One big concern I have about #MLS over something like #Signal Protocol is that it makes it so the cost of sending a message to a group of 10 is about the same as sending to a group of 1000 or more. This is the opposite of how physical social interaction works, it is much more effort to speak in front of large groups. This gives advantage to spam, disinfo, trolling, etc. as compared to protocols where the cost linearly increases as the number of users in the group increases. 2/
On the other hand, #MLS includes "Group Integrity", which means that all members in a group see the same state. This means all members see the same list of members, same message transcript, same message order, etc. #Signal Protocol does not guarantee Group Integrity. I think this is an important property, but I wonder how much this was actually abused in the real world with other protocols? 3/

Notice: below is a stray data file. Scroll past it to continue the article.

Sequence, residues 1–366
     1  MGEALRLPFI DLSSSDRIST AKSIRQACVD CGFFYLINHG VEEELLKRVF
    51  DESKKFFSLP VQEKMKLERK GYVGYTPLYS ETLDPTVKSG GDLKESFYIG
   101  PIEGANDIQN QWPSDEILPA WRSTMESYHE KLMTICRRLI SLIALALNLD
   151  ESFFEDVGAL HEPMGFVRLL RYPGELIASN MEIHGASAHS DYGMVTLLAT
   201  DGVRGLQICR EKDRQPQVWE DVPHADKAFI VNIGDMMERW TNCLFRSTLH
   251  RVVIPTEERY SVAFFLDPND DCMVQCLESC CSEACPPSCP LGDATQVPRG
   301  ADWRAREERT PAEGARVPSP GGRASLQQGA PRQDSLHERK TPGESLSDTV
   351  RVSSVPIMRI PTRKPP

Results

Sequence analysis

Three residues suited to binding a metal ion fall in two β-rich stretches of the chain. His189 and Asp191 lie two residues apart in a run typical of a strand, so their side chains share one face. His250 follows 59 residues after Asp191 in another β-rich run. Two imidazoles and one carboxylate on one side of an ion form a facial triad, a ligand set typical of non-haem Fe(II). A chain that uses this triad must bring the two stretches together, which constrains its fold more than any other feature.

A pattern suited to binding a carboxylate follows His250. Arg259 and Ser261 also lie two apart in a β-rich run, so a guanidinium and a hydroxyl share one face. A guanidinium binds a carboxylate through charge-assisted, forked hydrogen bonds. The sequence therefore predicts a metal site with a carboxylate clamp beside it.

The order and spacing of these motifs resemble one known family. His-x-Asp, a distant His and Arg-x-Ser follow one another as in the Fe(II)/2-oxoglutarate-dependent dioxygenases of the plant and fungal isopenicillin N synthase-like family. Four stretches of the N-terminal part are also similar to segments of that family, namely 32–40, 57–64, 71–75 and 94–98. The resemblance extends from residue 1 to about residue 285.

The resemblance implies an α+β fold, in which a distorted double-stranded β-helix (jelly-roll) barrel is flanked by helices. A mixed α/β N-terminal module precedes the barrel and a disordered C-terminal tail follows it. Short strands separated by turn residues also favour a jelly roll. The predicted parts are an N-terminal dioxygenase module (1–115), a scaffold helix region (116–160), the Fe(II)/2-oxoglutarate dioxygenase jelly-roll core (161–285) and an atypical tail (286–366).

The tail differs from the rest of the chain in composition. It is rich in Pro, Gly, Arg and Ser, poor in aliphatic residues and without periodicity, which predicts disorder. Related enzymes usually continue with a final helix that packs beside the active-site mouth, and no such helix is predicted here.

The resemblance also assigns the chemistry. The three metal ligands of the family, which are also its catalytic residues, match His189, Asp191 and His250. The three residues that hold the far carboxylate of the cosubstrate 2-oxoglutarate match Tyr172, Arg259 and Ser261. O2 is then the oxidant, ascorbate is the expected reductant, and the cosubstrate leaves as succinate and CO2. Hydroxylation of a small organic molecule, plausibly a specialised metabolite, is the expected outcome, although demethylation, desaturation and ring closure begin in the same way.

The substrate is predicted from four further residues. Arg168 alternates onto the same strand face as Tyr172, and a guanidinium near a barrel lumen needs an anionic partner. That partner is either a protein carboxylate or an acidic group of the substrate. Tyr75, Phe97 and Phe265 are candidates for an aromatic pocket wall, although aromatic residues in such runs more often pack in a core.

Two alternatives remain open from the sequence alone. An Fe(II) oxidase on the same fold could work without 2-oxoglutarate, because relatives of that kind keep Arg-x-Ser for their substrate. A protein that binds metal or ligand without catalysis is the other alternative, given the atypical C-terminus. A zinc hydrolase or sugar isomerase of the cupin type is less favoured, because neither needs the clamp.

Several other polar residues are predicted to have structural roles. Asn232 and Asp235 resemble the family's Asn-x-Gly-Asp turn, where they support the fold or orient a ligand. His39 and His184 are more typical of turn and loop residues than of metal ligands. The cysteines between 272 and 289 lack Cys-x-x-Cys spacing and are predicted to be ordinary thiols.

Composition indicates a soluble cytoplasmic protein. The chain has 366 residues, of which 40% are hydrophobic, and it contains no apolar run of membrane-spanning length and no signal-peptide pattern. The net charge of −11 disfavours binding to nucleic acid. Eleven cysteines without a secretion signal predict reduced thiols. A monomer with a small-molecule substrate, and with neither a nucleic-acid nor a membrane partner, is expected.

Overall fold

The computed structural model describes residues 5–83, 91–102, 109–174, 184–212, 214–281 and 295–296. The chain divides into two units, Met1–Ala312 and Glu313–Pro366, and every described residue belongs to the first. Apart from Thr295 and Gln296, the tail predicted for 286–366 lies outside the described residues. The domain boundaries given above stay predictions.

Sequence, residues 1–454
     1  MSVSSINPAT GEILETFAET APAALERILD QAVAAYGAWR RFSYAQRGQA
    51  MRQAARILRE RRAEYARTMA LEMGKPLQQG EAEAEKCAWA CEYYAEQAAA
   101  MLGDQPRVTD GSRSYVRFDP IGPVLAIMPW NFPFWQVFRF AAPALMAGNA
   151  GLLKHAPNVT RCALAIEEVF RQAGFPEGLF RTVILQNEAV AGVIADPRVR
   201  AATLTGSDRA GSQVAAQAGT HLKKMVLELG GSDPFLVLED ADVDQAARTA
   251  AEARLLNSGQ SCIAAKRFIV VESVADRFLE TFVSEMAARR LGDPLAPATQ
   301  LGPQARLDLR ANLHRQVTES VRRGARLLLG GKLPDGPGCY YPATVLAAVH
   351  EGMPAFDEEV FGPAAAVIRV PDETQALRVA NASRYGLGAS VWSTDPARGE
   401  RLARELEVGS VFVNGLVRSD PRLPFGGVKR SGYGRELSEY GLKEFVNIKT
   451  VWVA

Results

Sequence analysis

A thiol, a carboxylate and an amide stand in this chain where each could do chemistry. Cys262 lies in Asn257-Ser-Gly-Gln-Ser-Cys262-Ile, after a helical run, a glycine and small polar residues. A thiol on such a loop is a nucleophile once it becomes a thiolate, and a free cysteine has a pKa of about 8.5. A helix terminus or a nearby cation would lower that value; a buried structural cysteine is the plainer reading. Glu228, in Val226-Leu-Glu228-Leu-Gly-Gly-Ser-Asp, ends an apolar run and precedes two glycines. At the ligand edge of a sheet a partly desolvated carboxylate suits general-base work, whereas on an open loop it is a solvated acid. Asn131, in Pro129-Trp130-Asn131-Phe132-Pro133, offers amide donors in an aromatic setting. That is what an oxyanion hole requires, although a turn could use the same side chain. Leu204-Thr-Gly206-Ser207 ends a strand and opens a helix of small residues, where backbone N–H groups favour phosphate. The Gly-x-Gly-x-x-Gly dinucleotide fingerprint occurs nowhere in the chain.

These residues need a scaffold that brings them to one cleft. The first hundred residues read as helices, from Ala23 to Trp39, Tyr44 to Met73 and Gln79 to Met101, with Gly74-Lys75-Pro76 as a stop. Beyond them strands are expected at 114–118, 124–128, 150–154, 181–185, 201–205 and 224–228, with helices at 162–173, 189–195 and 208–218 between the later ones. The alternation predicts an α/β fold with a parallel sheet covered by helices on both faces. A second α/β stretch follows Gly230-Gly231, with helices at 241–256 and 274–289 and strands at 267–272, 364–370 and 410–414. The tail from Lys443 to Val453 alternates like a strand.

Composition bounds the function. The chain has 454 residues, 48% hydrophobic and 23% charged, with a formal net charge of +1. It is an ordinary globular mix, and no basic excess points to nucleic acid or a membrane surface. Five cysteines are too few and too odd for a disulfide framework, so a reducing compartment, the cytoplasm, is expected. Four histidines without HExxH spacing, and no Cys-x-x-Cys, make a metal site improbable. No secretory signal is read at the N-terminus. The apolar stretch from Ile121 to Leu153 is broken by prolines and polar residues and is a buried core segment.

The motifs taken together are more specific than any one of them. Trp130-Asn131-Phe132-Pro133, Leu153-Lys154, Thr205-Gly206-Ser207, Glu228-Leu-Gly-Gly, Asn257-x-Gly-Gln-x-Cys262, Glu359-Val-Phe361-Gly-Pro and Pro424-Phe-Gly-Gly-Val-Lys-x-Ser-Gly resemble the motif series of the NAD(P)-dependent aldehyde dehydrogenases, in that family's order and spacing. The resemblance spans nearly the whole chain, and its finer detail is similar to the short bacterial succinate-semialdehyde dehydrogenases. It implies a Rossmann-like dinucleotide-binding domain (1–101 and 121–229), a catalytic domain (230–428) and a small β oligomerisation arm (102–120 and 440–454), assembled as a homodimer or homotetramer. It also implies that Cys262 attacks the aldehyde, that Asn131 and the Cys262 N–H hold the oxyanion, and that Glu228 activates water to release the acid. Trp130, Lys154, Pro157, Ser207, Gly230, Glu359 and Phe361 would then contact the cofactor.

This is actually one of the most important improvements over the Signal protocol. The scalability is great, but from a pure security point of view, group integrity is the real news.
@rene_mobile In theory, it sounds great. I'm still curious to see how much it will affect real world communications. I haven't really heard about exploits to Signal's lack of Group Integrity.
I wonder if there would be a way to effectively detect comprises, though.
@rene_mobile I can't think of a technical measure to detect any compromise, but it would surely be possible to detect compromise using other evidence. For example, someone suspects foul play, they ask group members they trust to let their devices be forensically inspected. Then any differences between the group transcripts should be clear upon visual inspection, and probably provable based on an export of Signal history from the devices. This kind of investigation caught NSO's #Pegasus
@eighthave it is not about if it is abused or not but the ability to know if it is abused or not. Up to MLS, I could not trust any group chat...